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WHAT'S THE UNSEXIEST WORD IN OUR LOVELY LANGUAGE?

 

It's either orthodontics
or maybe brochure
My job was to make orthodontics sexy with a sexy brochure.

Back when I was in graduate school, people would  always be like, "Oh that's cool that you spend all day reading about dead people, but what exactly are you going to do with a Ph.D. in Native American literature." They spoke without question marks, because they weren't asking questions. They were communicating their bleak, dark pity. But if only—if only—if only they'd known that the divine gales of fate would soon cast my weathered ship upon the redemptive shores of cosmetic dentistry. What follows is not only a story about cosmetic dentistry, but a story about a brochure about cosmetic dentistry. Tighten your laces, folks.

Consumers throw away brochures only because advertisers think of brochures as throwaway objects.

Here's how this goes. Candid Co., a fast-moving oral wellness startup in New York City, was opening its first brick-and-mortar retail location just off Union Square in Manhattan. Candid sells custom-designed clear dental aligners (#sexy), and thanks to 3D printing and a direct-to-consumer distribution model, their product retails for a fraction of the cost of the aligners made by the folks over at Invisalign™™™™. Candid's new retail location was meant to streamline this distribution model even further by allowing customers to get on-the-spot laser scans of their teeth—a much faster way of getting started than the typical process of making dental impressions at home using a mail-order kit.

But this is still the e-commerce era. And in the e-commerce era, brick-and-mortar stores are more interested in curating brand experiences than they are in retail itself. That's why an advertising object as old-school as a brochure becomes so important. People simply aren't all that likely to impulse-purchase a $1,900 set of dental aligners, a product that not only rings in at a high price point (even if it is half the cost of other brands), but also requires customers to make meaningful lifestyle changes over the course of five or six months as their teeth align. Clear aligners are a calculated purchase. People need to sit with the thought for a while, and they need access to the resources that can help them conclude that, yes, straighter teeth are worth my time and my money. 

A brochure is designed to do exactly that. It's meant to continue the sale back at home, after the initial in-store experience has come and gone, and to make sure that the curiosity that propelled the consumer into the store in the first place doesn't have a chance to evaporate.

Magazines offer us a bigger promise—a promise about who we might become if we would just give them more of our attention.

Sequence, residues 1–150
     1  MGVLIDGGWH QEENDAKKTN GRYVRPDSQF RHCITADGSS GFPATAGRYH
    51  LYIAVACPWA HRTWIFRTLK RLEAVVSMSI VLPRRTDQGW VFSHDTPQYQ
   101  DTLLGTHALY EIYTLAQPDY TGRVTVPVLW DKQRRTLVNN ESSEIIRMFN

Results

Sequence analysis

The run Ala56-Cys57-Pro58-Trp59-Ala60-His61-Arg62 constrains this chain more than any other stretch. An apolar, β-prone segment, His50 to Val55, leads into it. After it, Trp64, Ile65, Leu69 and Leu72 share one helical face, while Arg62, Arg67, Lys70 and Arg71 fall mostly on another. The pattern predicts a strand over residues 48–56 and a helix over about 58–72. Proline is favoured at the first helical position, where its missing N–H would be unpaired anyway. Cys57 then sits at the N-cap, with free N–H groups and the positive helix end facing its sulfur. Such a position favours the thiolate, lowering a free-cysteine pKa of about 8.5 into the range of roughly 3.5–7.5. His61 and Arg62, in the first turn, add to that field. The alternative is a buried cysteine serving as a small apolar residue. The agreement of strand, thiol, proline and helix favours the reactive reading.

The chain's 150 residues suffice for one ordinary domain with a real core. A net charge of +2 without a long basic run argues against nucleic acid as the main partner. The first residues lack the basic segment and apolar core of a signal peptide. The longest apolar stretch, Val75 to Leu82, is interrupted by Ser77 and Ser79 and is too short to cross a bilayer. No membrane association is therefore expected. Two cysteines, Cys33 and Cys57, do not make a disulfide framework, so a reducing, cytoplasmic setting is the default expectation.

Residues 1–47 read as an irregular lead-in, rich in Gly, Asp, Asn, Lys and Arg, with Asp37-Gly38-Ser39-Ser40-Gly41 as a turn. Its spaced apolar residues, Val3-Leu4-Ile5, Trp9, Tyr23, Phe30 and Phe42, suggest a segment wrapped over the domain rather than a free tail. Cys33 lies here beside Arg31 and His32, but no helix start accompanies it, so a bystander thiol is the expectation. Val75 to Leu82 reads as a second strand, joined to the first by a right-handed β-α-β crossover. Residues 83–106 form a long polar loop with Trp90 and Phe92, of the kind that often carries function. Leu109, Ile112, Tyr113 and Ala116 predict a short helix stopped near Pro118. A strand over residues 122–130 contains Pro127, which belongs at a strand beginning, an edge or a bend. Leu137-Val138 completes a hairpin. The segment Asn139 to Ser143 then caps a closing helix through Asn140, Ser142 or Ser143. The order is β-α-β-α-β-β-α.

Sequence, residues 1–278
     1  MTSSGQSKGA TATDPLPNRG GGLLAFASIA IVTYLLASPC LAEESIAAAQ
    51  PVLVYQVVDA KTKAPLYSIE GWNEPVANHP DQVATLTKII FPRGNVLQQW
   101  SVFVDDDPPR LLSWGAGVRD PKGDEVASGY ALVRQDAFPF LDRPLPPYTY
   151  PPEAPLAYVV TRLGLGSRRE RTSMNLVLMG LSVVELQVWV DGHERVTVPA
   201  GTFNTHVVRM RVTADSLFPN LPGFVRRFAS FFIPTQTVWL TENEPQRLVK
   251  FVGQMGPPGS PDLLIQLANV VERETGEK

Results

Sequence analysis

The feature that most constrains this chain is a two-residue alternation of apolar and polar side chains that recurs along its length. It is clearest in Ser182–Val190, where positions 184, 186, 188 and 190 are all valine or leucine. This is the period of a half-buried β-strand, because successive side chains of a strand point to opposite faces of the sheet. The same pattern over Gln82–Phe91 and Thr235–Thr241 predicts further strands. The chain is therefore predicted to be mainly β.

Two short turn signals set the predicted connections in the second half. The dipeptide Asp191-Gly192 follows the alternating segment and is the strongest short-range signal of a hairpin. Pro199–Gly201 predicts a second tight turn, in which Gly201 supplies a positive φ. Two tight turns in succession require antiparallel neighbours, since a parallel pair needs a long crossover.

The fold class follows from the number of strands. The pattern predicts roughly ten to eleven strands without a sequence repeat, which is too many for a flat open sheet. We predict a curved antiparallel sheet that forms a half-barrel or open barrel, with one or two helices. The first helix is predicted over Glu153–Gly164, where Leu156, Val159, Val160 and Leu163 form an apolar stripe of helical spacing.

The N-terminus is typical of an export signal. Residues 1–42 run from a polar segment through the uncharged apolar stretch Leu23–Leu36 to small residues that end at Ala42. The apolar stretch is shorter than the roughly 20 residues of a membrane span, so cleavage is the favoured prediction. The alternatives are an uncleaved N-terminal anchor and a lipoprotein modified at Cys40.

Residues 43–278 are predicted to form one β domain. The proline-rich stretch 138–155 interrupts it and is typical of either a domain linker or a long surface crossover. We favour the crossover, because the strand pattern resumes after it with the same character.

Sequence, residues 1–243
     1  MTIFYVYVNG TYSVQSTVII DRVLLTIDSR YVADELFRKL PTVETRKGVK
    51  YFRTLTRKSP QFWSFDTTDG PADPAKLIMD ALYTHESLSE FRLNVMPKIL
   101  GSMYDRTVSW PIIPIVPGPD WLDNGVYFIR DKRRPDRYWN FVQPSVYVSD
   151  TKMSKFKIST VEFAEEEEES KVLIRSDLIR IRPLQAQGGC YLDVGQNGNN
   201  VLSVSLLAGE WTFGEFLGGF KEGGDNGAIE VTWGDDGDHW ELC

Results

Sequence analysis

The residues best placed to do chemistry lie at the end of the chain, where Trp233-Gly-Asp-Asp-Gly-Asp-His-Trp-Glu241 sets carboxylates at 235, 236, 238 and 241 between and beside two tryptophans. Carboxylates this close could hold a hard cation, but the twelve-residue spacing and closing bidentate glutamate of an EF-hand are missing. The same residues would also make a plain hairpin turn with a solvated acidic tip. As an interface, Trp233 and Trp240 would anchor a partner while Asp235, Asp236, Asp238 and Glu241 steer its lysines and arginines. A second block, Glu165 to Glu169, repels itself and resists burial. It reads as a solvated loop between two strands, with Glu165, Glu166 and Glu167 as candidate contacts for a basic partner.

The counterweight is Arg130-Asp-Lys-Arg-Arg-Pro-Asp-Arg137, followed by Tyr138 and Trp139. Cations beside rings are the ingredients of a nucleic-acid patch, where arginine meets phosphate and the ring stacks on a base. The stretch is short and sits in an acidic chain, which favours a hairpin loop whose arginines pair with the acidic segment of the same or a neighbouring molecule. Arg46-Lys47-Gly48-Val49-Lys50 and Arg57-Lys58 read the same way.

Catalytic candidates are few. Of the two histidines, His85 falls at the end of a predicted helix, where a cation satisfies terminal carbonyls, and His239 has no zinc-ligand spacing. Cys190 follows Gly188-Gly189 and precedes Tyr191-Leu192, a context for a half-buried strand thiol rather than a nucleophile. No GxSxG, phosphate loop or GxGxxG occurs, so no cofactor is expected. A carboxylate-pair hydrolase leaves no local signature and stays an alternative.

Brochures are a badly underestimated advertising tool. Consumers tend to throw them away only because advertisers think of brochures as throwaway objects. For advertisers, that's a huge mistake. Consumers, after all, are the same people who will spend months, even years, hanging on to back-issues of magazines—magazines they may have already read, or even magazines they have not intention of reading at all. 

That's because we take magazines seriously. And we take them seriously because they offer us a bigger promise about who we could be if we would just give them a little bit more of our time and attention. The power of a brochure is earned or lost in that same promise. They have to make a case for their own worth before they can make a case for the product they sell. They have to tell exactly the right story with exactly the right amount of effort while also being commensurate with the quality of a comparable in-store experience. And as print objects, they have to be beautiful and gently imposing, so they'll feel too valuable to be tossed in the trash.

For Candid, that claim to quality is especially important, since the product's basic value proposition is that it moves your teeth around inside of your head. That's some scary stuff. People need to know that they can trust this newcomer-brand with significant wellness decisions (and significant amounts of money). Being able to walk into a real building and talk to real people can be a huge help for most consumers, who might otherwise stay on the fence about this kind of decision.

In the e-commerce era, brick-and-mortar stores are more interested in curating brand experiences than they are in retail itself.

That's exactly why it was a good idea for Candid to put its first retail location in a high-traffic, high-tourist area. Candid needs to capture the incidental visitor—the passerby, the bored local, the curious shopper. And when that retail experience can't close the sale in the store itself, the brand needs to send the consumer home with a persuasive piece of proof. A story. A body of evidence about how a product and a person can and should go together. Here's the finished product: